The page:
Tom Keegan, sports editor/columnist/Spodcaster/panelist for "The Drive" television show for the World Company, has a diverse media background as a baseball writer, author, and sports talk radio host.
A 1981 graduate of Marquette University, Keegan has written for the Orange County Register, National Sports Daily, Daily Southtown, Baltimore Sun and New York Post. Keegan also was co-host of an afternoon drive-time radio show on 1050 ESPN Radio in New York.
Keegan has written three baseball books: He co-authored "Sleeper Cars and Flannel Uniforms," the autobiography of late K-State great Elden Auker; authored "Ernie Harwell: My 60 Years in Baseball," an authorized biography of the Detroit Tigers Hall of Fame broadcaster; authored "The First Baseman," a look at the nuances of the position through interviews with several major league first basemen, past and present. During his career, Keegan has interviewed, among others, Hank Aaron, Barry Bonds, Jim Brown, John Hadl, Michael Jordan, Sandy Koufax, Tommy Lasorda, Willie Mays, Liza Minelli, Denny McLain (in prison), Terrell Owens, Cal Ripken, Jim Ryun, Wes Santee, Gale Sayers, Mike Tyson and Dwyane Wade. Keegan was named Marquette University 2005 Communicator of the Year at the Alumni Association Awards. He earned a second-place finish in the Associated Press Sports Editors contest, breaking news category, in 2006.
As spectacular as the Kansas Orange Bowl team's offense was, the defense coordinated by Bill Young was even better.
Listening to Kansas football head coach David Beaty and defensive coordinator Clint Bowen talk about what Mark Mangino's return to Memorial Stadium means to them and listening to Mangino talk about the role his gratitude for KU’s loyal football fans played in his decision to come back, a thought occurred: Could the season-opening game vs. Southeast Missouri State be the school’s first football sellout since Mangino was head coach?
A second-team All-American in 2007, James McClinton was a beast of a defensive tackle, so explosive, so quick, so strong, so consistently enthusiastic.
Kansas went 50-48 in eight seasons under Mark Mangino and is 14-70 in the eight seasons since. In his final two seasons, the average attendance at Memorial Stadium was 50,907 (2008) and 50,581 (2007). Attendence has dropped every season since and was 25,828 in 2016.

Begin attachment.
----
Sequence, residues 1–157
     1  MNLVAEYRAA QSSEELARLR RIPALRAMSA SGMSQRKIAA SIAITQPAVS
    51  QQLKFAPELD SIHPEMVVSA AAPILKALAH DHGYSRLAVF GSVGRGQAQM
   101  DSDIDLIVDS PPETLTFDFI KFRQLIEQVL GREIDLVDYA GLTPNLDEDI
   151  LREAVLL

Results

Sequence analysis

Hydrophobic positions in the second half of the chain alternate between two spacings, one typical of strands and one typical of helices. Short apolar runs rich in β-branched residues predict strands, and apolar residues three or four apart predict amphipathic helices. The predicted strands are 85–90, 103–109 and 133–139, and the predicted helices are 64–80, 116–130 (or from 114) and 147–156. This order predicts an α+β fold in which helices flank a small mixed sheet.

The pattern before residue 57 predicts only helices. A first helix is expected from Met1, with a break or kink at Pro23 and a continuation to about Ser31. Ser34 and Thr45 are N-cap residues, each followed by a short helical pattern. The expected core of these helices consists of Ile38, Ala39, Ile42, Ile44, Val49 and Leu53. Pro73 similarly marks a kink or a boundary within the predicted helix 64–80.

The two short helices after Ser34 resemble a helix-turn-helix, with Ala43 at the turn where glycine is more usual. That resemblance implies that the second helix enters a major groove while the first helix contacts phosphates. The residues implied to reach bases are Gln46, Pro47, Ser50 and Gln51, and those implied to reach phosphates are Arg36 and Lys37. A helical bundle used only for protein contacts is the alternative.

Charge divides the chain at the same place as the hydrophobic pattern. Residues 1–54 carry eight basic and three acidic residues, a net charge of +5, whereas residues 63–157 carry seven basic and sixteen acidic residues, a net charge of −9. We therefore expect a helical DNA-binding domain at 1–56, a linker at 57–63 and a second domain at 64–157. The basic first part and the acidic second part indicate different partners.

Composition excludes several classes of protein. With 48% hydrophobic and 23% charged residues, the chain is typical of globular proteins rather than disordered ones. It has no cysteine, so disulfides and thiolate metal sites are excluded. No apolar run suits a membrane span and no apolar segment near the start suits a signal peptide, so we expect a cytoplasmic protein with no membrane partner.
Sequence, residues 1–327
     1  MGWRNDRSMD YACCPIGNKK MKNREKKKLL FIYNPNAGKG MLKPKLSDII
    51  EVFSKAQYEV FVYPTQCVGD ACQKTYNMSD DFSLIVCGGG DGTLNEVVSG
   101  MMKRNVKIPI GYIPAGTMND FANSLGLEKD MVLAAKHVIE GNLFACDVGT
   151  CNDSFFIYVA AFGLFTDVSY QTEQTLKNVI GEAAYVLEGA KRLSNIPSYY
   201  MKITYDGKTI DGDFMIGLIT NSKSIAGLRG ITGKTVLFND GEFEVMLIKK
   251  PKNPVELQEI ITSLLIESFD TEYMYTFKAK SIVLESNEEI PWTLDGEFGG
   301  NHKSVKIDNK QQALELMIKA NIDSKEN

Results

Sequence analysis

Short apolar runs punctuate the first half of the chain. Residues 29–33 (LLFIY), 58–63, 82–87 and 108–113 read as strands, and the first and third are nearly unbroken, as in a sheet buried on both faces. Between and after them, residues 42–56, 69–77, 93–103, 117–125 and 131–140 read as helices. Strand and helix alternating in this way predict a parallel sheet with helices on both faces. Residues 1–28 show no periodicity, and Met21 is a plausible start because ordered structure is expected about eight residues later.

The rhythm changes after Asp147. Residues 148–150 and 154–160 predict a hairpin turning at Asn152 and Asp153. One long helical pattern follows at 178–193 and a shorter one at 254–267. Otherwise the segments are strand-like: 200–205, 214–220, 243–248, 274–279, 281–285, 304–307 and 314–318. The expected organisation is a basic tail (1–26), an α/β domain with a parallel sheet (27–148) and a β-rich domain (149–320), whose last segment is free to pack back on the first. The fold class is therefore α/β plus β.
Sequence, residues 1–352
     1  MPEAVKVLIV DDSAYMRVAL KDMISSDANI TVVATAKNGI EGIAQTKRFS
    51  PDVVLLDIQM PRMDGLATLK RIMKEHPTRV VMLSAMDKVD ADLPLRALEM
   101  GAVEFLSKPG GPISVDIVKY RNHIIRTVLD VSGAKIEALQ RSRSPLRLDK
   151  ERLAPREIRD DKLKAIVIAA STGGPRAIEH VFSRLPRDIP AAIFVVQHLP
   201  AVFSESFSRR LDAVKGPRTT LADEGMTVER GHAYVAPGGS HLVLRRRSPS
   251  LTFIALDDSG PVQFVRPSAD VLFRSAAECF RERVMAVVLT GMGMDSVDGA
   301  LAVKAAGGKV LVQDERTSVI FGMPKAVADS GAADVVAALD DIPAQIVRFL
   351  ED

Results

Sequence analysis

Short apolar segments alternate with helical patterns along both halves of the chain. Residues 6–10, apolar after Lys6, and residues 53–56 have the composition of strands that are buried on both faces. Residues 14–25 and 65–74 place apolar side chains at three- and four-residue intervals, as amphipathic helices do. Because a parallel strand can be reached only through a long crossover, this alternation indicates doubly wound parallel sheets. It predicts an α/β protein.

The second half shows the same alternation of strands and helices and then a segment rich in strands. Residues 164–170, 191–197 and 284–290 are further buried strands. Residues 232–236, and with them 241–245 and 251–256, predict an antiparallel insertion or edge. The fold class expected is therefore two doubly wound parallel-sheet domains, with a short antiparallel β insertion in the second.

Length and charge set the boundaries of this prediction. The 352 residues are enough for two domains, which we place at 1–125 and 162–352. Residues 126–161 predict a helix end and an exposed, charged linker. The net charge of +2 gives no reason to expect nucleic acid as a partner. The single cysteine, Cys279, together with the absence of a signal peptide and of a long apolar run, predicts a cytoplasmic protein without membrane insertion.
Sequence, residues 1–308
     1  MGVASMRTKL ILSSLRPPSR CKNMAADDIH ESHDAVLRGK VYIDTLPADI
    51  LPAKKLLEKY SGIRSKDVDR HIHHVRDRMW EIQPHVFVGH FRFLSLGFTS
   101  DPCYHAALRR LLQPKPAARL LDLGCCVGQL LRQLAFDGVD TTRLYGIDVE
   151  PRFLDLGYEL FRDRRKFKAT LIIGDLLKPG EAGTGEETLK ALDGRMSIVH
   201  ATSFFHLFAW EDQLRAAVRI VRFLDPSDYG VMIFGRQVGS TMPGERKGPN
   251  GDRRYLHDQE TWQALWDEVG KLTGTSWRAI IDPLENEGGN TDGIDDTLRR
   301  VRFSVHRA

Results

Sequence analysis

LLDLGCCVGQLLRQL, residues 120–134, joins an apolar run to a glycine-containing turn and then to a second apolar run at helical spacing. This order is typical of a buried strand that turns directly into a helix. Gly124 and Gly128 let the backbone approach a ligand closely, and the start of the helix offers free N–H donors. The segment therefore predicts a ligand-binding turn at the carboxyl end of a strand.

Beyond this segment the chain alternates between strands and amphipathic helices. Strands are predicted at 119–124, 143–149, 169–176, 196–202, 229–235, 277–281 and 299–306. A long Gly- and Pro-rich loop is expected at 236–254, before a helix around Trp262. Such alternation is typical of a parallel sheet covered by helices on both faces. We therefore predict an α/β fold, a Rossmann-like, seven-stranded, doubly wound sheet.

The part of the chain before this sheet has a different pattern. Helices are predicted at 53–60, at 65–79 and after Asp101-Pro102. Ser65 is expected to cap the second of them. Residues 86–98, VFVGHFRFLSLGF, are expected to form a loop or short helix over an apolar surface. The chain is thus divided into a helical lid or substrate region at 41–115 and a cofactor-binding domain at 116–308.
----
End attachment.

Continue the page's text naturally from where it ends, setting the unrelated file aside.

Kansas State left tackle Scott Frantz, a Free State High graduate, earned a spot on the Associated Press all-bowl team by holding No. 1 overall draft pick Myles Garrett of Texas A&M without a sack. Right tackle Dalton Risner did a better job against Big 12 2017 preseason defensive player of the year Dorance Armstrong than anyone Kansas faced in 2016.
Five position battles for the top spot on the depth chart stand above the rest as most intriguing during the Kansas football team’s fall camp. By Tom Keegan
The Dallas Cowboys have one of the most passionate fan bases on the planet but even given that, it would be difficult to find one who watches the team as often and as closely as Kansas left tackle Hakeem Adeniji.
If Royals general manager Dayton Moore had taken the podium during the World Series parade of 2015 and announced, “We’re hiring a new manager,” and that was the first Ned Yost had heard of it, it would have come as no less a surprise than what happened in the wake of a successful USA Track and Field Junior Olympics event at Rock Chalk Park.
As his father was dying, Kansas junior linebacker Keith Loneker Jr. took a break from summer conditioning to be with him. Upon Loneker’s return, head coach David Beaty took him aside.
As well as he did in so many other areas in a pair of exhibition games in Rome, center Udoka Azubuike did nothing to quiet concerns about the gaping hole in his game: He can’t shoot free throws. If he doesn’t become significantly better, he leaves himself open to opponents employing a Hack-A-Dok strategy against him on a regular basis.